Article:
Horizon Zero Dawn is PS4 exclusive, open-world action role-playing video game. It was developed by Guerrilla Games and published by Sony Interactive Entertainment in spring 2017.
The game set in a post-apocalyptic world where intelligent – and deadly – machines co-exist with bronze-age tribes. The protagonist Aloy, armed with both bow-and-arrow and futuristic gadgets at once, sets out to discover the truth about her birth, which is fatefully tied with the history of the world.
The game immediately distinguished itself as one of the best games of 2017 with its stunning visuals, exhilarating combat, and an intriguing plot. This post will analyse the reasons for the game’s success under the lenses of the essential experience, the elemental tetrad, the visible progress, the flow, and the reward.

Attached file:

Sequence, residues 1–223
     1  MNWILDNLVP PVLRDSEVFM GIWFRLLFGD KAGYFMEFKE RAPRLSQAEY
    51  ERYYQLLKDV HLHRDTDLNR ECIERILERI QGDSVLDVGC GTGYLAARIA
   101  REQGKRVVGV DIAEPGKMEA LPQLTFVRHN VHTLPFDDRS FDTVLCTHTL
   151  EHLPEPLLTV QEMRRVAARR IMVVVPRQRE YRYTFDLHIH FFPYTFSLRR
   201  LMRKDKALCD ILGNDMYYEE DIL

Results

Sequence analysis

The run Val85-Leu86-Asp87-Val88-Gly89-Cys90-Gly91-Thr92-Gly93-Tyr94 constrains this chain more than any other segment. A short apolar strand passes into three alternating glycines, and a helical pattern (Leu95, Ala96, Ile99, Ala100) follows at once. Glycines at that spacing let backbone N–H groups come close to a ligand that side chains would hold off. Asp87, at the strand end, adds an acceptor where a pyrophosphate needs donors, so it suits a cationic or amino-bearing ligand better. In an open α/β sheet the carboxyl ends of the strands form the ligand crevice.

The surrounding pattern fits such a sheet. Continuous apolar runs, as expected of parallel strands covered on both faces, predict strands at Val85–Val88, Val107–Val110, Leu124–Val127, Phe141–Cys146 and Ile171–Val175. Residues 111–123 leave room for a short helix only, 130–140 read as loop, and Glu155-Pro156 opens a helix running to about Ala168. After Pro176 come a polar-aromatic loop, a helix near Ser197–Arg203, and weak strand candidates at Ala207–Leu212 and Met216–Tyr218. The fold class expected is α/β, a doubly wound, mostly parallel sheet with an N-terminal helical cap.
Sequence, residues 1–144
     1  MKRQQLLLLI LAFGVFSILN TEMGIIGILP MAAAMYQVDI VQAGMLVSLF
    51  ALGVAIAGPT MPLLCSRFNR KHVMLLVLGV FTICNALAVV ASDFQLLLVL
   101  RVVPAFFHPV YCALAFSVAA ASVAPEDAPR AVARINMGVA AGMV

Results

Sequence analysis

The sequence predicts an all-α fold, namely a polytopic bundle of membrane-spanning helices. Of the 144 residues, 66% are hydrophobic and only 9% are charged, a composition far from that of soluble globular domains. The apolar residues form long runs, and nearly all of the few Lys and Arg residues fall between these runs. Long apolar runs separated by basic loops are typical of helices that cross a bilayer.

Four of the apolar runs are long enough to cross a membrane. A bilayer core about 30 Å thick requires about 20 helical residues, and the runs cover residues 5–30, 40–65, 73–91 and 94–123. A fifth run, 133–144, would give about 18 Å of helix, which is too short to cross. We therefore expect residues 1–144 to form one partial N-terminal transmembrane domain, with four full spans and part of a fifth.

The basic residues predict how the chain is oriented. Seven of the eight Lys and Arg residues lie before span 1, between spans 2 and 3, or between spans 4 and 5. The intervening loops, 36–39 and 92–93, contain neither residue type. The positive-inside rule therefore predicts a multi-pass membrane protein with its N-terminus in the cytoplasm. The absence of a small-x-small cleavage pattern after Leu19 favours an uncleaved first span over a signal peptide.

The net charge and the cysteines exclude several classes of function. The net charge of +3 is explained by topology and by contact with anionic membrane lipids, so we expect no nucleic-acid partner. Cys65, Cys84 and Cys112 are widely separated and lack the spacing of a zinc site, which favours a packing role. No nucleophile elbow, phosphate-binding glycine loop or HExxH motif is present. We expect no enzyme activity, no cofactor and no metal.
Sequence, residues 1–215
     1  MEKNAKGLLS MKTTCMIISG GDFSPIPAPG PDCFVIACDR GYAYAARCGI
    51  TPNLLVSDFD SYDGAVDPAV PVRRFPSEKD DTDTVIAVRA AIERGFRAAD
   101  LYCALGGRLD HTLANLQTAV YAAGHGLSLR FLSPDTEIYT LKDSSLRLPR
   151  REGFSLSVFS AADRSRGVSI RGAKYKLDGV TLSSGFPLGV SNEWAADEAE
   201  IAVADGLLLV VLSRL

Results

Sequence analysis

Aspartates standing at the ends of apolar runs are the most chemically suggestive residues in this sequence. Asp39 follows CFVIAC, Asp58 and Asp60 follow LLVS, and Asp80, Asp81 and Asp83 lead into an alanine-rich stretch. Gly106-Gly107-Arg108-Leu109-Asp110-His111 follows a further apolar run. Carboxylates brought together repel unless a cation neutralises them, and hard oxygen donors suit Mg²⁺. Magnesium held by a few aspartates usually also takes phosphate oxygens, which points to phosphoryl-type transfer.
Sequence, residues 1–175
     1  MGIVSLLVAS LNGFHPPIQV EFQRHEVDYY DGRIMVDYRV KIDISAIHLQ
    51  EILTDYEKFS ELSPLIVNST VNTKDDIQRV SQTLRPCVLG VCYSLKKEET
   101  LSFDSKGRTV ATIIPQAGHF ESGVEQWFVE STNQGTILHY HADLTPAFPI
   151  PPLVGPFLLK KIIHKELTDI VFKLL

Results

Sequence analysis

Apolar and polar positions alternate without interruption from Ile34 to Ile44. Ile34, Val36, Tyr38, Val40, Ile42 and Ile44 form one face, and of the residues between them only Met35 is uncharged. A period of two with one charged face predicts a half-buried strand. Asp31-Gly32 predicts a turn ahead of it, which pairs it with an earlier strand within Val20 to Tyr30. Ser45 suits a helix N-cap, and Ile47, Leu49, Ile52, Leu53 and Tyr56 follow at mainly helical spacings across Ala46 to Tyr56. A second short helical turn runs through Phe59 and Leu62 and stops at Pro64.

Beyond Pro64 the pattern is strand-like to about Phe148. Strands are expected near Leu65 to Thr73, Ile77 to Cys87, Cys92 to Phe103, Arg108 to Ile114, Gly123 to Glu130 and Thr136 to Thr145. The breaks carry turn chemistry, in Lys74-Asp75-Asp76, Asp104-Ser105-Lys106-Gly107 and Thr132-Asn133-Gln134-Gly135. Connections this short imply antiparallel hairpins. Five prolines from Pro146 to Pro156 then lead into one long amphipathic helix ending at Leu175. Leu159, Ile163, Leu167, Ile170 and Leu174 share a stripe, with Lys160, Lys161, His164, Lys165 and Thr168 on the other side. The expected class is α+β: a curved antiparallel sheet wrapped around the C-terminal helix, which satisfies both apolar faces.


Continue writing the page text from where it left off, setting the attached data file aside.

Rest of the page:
Lens #2: The Essential Experience
The essential experience of the game is that of an expert hunter taking down her preys and Horizon delivers well on its promises. The player takes an active role in all three parts of a hunt: planning, stalking and confronting.
- Planning: Analyse the machine for strengths and weaknesses in order to select a suitable load-out of weapons and armour. For example: using tripwire to catch invisible machine or rope-caster to tie down flying ones.
- Stalking: Observe machine’s movement pattern and make use of environmental features such as tall grass or river to lay traps and sneak up to the enemy.
- Confronting: Thrilling and fast-pace real-time combat in which the player switches between a maximum of 12 different types of arrows/bombs/traps while trying to doge the machine’s attacks and lure it into traps at the same time.